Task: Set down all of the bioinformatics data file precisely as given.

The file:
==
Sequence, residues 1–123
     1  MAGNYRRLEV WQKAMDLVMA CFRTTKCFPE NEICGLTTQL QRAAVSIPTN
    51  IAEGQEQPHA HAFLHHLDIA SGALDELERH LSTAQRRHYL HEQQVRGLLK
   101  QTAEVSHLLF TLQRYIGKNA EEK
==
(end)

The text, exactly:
Sequence, residues 1–123
     1  MAGNYRRLEV WQKAMDLVMA CFRTTKCFPE NEICGLTTQL QRAAVSIPTN
    51  IAEGQEQPHA HAFLHHLDIA SGALDELERH LSTAQRRHYL HEQQVRGLLK
   101  QTAEVSHLLF TLQRYIGKNA EEK